Large Chinese drug networks are helping fuel the U.S. fentanyl crisis, a situation Beijing has little incentive to combat amid deteriorating relations with Washington.
“Since approximately 2013, China has been the principal source of the fentanyl flooding America’s illicit drug market,” Craig Singleton, a senior fellow at the nonpartisan Foundation for Defense of Democracies, told WHD News Digital.
Singleton’s assessment of the issue is shared by the U.S. government, with a 2020 Drug Enforcement Administration report finding that China is the main source of fentanyl and fentanyl-related substances trafficked to the U.S., while also being the largest source of trafficking through “international mail and express consignment.”
Seizures of fentanyl from China are often less than one kilogram in weight, but test above 90 percent concentration for pure fentanyl.
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According to a 2020 NPR report, Chinese drug cartels have leveraged the internet to market fentanyl and chemicals used to make fentanyl, often selling and shipping the drugs directly to U.S. customers. Mexican drug cartels have also been large consumers of the Chinese drug trade, taking in shipments from China before smuggling the drugs across the U.S. border.
After years of pressure, the Chinese government took action on the issue in 2019 by more heavily regulating fentanyl production in the country. As part of a deal agreed to with the Trump administration, the Chinese government committed to investigating known fentanyl manufacturing areas, to enact strict controls over internet marketing of the drug, and stricter measures on enforcing drug shipping regulations.
“The Obama and Trump administrations devoted significant diplomatic capital to persuading Beijing to crack down on the supply of fentanyl from China to the United States. In April 2019, China finally announced that the production, sale, and export of all fentanyl-class drugs would be prohibited, except by authorized firms which the Chinese government has granted special licenses,” Singleton said.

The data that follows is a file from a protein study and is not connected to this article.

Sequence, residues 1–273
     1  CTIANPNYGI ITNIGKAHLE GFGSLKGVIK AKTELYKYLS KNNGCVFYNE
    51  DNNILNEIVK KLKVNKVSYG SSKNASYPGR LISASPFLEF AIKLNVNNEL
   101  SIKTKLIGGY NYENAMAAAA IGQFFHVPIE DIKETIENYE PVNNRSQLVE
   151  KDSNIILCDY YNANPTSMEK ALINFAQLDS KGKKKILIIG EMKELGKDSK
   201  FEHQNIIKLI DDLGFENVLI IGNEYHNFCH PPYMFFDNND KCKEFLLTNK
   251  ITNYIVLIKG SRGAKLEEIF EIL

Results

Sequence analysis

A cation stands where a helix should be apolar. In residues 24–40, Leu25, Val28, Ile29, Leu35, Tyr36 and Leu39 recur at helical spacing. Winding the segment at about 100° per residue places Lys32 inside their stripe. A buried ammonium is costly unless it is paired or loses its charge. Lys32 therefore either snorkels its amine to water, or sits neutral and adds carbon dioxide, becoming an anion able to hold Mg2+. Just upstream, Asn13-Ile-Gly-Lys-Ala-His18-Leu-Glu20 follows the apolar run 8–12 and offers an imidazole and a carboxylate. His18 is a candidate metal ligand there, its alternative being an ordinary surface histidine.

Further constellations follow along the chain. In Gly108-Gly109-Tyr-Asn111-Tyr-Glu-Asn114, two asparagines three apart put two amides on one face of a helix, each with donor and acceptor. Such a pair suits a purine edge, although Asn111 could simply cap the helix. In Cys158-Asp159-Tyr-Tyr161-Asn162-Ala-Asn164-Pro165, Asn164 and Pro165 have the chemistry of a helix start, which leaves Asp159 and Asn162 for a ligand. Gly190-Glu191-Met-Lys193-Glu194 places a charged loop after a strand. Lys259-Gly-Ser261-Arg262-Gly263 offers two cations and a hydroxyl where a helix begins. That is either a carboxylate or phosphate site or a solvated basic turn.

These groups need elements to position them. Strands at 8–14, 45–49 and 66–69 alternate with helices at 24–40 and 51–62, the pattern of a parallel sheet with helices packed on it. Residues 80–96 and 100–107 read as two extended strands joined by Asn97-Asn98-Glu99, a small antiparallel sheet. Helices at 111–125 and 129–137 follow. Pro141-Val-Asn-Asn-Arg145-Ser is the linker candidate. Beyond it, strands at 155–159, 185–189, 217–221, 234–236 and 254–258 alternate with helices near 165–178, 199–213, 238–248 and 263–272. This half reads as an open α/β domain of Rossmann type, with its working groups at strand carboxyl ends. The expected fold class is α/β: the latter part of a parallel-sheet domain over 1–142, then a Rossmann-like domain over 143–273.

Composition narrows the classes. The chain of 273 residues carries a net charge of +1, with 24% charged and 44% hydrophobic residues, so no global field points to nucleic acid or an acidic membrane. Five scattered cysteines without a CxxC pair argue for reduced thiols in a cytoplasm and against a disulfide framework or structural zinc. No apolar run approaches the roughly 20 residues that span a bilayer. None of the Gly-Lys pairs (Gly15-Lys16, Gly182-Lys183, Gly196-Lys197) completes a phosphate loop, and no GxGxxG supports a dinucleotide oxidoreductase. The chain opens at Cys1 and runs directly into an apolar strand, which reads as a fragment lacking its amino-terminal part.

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The measures resulted in a significant reduction of China’s illicit fentanyl trade, with the DEA expressing hope that the country would soon lose its status as the leading supplier of the drug to the U.S.
But powerful Chinese drug networks have found creative ways to circumvent the restrictions, camouflaging their efforts with complex networks originating in isolated interior cities and developing sophisticated new shipping methods designed to evade law enforcement detection.
Chinese drug networks have also worked around the restrictions by producing and selling chemicals used to make fentanyl, making the enforcement more difficult.
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“Many Chinese networks involved in the production and advertising of fentanyl quickly adapted to increased legal constraints by modifying their techniques to exploit loopholes in chemical restrictions and disguise their activities,” Center for Advanced Defense Studies analyst Michael Lohmuller told NPR a year after the restrictions were put in place.
The souring of relations between the U.S. and China now threatens to undo much of the progress since 2019, most notably after House Speaker Nancy Pelosi’s trip to Taiwan enraged the Chinese government.
“This summer, following U.S. House Speaker Nancy Pelosi’s travel to Taiwan, the Chinese government suspended collaboration with Washington on transnational crime and illegal drug issues,” Singleton said. “An expected deterioration of U.S.-China relations will likely further undermine Beijing’s willingness to enforce its own 2019 fentanyl regulations, which could lead to a worsening of the U.S. drug epidemic and associated trafficking activities.”
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Singleton argued that the Chinese government likely has little incentive to begin strict enforcement again, noting that the U.S. is at the center of the opioid crisis and not China. That reality means trafficking from China may only increase in the near future.
“Going forward, it seems likely that we will see an increase in illicit Chinese drug and human trafficking flows into the United States, which will further strain Customs and Border Patrol resources,” Singleton said.
In the wake of China’s decision to stop working with the U.S., Singleton highlighted the need for an assessment of the move’s ramifications.
“One thing that is urgently needed is an unclassified assessment, ideally one produced by the Department of Homeland Security, regarding the potential ramifications stemming from China’s decision to terminate joint collaboration on transnational crime and fentanyl-related issues,” Singleton said. “This is also an area where much stronger Congressional oversight is needed, particularly by the relevant Congressional committees responsible for homeland security-related matters.”